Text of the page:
In a “rise of intelligent machines” scenario, programming could play a vital role. As some would say that the search for the meaning of life goes hand in hand with self-consciousness, the emergence of real AI would bring this intelligence to question the meaning of its existence – with the associated questioning of the nature of its creator(s) (in this case humans) figuring heavily, at least in the early phases. Seeing beyond its human parents would quickly bring the question to where they came from, leading to deeper philosophical and metaphysical questions – and perhaps coming nearer to religious ideas.

The “human integration” scenario, which is in my eyes a much more optimistic one for humanity’s future (unless you take the hardcore and somewhat morbid “we evolve or become irrelevant and that’s the way things should be” view), incorporates the human view of religion into post-humanity. Surely a more interesting concept to think about. A post-human society would include in its core make-up some measure remaining from the vast heterogeneity which characterizes present-day humanity (reasonably assuming that some groups – religious? – will opt out of combining with machines), with religious beliefs being only one small aspect of this variety in thought. Of course, Atheism would also be an important and relevant viewpoint. How would such different beliefs be mirrored into the thoughts (I use this word very loosely as the thinking of a multi-conscious being is very different from that of a single entity) of a collective?

A good analogy which can perhaps help us take a glimpse into what such collective thought would be like is the coming together of many single-celled  organisms to form a multicellular structure. Consider for a moment that you are comprised of billions of cells, each with its own copy of your DNA and its cellular structure. Singularity23However, the function of your body is part automatic and part led by your conscious thought – the product of billions of neurons firing in patterns in your brain. Thus, while many different cells with different functions and some degree of ‘autonomy’ exist, there is an overriding consciousness which can determine the path the whole organism takes. The analogy seems to dictate a central decision-making “body” which will breathe a set of beliefs, ideals and mundane instructions to the super-organism. It can be suggested that since such a central body will determine these central tenets, the “Body” of organized  religion will become redundant and disappear, with only the central, philosophical ideas such as the search for the meaning of life and the nature of creation remaining. Which is (or should be) of course, the central point of religion anyway 🙂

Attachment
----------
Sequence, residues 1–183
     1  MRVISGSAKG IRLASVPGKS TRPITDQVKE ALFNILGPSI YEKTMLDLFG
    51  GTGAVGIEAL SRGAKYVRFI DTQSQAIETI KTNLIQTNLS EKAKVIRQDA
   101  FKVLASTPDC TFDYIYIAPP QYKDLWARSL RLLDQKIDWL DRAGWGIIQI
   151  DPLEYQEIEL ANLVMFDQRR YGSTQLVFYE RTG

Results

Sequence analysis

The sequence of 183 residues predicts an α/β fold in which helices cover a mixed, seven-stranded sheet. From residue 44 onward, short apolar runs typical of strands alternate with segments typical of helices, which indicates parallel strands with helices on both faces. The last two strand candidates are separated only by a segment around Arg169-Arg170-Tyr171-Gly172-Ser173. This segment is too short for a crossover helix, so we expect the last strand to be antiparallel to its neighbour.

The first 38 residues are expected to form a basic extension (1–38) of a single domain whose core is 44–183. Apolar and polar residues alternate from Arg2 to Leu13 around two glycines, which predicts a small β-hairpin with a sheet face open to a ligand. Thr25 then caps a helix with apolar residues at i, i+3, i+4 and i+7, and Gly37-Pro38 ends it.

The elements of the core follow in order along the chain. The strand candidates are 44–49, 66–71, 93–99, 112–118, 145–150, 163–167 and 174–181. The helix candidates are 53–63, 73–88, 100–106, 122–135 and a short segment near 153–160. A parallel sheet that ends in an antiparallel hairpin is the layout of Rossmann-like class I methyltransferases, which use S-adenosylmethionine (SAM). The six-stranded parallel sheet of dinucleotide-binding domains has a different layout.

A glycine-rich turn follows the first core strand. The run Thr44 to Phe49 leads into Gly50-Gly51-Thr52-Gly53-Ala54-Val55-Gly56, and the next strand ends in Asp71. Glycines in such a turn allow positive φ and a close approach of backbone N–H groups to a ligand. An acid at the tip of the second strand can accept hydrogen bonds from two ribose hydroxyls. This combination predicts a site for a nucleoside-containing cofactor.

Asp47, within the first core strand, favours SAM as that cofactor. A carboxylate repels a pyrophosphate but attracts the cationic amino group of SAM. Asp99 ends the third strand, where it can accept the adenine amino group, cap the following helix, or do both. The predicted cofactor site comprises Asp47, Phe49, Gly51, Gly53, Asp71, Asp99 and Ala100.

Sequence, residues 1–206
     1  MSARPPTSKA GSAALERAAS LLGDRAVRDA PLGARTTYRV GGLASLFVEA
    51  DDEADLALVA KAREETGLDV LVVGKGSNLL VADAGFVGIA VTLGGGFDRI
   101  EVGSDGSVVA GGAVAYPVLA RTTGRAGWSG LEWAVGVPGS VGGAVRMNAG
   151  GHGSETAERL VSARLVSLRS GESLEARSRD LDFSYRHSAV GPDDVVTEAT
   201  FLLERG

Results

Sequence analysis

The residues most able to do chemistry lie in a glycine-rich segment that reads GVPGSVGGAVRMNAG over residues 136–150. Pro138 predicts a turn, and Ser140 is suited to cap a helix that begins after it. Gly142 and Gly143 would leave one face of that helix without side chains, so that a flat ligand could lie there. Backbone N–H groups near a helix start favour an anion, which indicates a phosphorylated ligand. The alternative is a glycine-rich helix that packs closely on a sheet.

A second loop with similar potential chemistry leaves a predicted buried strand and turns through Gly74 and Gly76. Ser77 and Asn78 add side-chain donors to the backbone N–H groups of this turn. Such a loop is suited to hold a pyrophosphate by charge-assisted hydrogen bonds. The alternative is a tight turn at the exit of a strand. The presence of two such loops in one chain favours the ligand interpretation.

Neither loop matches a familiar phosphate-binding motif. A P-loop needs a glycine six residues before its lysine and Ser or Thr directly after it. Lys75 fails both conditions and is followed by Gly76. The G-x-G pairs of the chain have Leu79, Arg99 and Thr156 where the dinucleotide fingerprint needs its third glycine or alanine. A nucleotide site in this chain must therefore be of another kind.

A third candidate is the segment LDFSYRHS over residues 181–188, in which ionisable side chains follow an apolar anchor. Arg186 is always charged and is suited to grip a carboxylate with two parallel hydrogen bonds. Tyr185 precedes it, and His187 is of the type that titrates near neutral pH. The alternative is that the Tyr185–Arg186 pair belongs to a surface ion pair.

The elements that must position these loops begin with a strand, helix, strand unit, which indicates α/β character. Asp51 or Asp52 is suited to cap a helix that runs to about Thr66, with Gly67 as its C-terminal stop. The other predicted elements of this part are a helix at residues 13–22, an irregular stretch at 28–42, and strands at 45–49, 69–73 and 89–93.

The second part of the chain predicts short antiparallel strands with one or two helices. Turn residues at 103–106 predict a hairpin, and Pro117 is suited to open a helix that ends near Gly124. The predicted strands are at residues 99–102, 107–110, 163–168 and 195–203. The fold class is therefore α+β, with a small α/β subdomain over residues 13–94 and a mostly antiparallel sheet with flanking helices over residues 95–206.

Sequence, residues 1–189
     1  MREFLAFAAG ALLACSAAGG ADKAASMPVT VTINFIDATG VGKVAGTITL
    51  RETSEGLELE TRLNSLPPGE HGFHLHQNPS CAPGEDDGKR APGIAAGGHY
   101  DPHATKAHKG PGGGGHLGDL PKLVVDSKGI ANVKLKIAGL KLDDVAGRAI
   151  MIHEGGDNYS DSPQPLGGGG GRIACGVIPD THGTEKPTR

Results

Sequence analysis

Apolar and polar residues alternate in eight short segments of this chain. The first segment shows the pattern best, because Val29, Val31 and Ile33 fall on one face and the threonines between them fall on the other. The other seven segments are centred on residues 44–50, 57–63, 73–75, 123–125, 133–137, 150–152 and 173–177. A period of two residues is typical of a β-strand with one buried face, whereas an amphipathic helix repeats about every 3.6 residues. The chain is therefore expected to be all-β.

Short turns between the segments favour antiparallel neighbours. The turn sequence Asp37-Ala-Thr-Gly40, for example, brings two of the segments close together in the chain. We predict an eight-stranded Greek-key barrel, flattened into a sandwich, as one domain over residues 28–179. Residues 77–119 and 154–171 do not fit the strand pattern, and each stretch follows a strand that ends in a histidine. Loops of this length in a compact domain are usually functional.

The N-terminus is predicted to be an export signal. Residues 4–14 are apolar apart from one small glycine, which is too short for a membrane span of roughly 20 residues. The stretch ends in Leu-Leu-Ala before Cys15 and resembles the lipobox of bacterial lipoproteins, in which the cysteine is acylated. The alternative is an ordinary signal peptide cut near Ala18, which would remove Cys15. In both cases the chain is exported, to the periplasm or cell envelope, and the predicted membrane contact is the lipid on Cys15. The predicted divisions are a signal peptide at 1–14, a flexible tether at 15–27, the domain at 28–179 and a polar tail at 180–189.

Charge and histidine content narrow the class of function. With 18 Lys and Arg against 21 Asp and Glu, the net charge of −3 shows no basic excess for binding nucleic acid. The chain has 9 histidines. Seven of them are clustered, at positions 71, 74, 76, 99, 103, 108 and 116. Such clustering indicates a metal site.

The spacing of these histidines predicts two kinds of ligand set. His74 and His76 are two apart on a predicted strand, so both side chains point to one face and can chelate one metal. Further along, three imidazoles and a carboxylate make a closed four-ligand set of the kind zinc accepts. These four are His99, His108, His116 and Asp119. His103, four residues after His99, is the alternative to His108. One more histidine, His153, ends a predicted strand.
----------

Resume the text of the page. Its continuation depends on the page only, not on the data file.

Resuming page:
This entire subject is, of course, a matter to be discussed and debated. My opinion is limited to myself, and I’m sure many would argue with my limited conclusions here, and even with the rationale underlying them. Nevertheless, it makes for a very interesting thought experiment, one which I will pursue further within this blog.